Mo'Nique dishes on how to deal with jealousy in open marriage
Polyamorous couples face a lot of stigma, and comedian and actress Mo’Nique and her husband, Sidney Hicks, are no exception. The married pair of 11 years have each been intimate with other people for years, and they have dealt with a lot of scrutiny in the media. However, Mo’Nique says that, although others think their open marriage is crumbling, she’d say quite the contrary.
Mo’Nique and Sidney, who have a podcast through CBS called “Mo’Nique and Sidney’s Open Relationship,” have spoke openly about their open marriage for a decade after she initially discussed it in a 2006 Essence article. The article received an extensive amount of backlash. “People didn’t understand,” Mo’Nique, 48, told the New York Times in a recent piece. “They thought it was about swinging and orgies, and then there were individuals who are vehement about God, and they were bringing God into their opinions. People lost their minds, and the criticism has never let up.”
At the start of the marriage, they laid down ground rules. “Sidney had this one thing he had to teach me, and that was reciprocity,” Mo’Nique told the Times. “He said, ‘If you can have that, it’s only fair that I can have that, too.’ I wanted to continue to see the gentlemen that I was seeing, and I felt comfortable telling my best friend [Hicks]. I’m grateful he taught me I had to play fair.”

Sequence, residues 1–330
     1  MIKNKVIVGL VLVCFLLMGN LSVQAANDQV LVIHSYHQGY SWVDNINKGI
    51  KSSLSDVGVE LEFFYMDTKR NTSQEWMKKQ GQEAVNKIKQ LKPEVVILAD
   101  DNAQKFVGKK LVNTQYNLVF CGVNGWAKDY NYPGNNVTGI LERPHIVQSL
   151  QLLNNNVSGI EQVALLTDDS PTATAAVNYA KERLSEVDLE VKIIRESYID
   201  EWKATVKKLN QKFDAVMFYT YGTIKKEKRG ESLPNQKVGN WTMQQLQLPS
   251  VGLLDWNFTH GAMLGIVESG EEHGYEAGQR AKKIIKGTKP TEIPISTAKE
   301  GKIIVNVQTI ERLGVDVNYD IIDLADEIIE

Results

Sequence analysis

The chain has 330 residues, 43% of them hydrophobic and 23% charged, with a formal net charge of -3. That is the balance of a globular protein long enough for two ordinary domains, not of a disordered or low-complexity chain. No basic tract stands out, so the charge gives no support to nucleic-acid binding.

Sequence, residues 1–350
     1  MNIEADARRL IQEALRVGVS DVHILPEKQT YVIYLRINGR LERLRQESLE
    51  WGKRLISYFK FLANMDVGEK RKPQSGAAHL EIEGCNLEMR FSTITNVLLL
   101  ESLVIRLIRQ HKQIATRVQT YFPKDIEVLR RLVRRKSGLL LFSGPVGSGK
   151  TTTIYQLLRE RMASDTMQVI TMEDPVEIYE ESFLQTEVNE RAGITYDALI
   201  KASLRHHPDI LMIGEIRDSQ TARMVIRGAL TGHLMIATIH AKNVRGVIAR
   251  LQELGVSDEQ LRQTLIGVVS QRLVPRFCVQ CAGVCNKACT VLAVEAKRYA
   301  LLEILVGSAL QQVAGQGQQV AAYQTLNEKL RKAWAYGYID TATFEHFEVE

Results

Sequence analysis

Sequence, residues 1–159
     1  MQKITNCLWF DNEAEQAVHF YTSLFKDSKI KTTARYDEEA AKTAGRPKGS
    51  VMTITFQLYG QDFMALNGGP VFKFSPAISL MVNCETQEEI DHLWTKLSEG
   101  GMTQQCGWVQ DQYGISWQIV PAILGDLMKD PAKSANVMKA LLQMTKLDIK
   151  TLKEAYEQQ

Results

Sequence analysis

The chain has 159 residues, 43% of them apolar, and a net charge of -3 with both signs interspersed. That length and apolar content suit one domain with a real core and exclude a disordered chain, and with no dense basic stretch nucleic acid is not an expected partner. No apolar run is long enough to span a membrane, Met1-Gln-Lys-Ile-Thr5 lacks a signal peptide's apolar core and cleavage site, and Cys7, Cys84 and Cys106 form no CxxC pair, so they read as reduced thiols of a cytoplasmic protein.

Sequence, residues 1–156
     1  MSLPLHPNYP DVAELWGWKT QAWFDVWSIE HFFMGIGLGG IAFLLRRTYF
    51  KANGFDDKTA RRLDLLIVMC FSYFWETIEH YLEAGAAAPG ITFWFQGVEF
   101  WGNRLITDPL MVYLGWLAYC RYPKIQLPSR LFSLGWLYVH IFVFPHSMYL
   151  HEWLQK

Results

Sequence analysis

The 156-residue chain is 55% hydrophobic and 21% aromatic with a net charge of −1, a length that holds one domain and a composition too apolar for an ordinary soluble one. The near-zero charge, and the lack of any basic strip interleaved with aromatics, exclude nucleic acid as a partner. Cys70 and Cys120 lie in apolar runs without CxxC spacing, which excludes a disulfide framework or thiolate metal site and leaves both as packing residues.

Their open marriage, Hicks told the Times, is all about honesty. “We got into this knowing that we both wanted to be with someone who’s going to allow you to be who you are,” he said. “I think one of the most romantic things you can do as a couple is be honest with each other. And we are.”
Some experts quoted by the Times doubted that open relationships aren’t ultimately harmful. Sidney pointed out, however, that the health of a relationship is subjective and highly dependent on the individuals involved in it. “Defining what makes a marriage work is like asking one’s interpretation of success,” Hicks told the Times. “It’s defined a different way by every person you ask.”
The ultimate secret to an open marriage, Mo’Nique explained, is effective communication. (And really, that’s the secret to any marriage, right?) “For us, it’s defined by openness and not fear,” she said. “If one of us feels jealous, we talk our way through it. What we have is real and honest. It’s changed my life and saved my life.”
It’s easy to judge other people’s choices, especially when they go against deeply ingrained cultural norms, but the only people who can *truly* know what’s healthy in a relationship are those within it. Total props to Mo’Nique and Sidney Hicks for staying strong through all the judgment.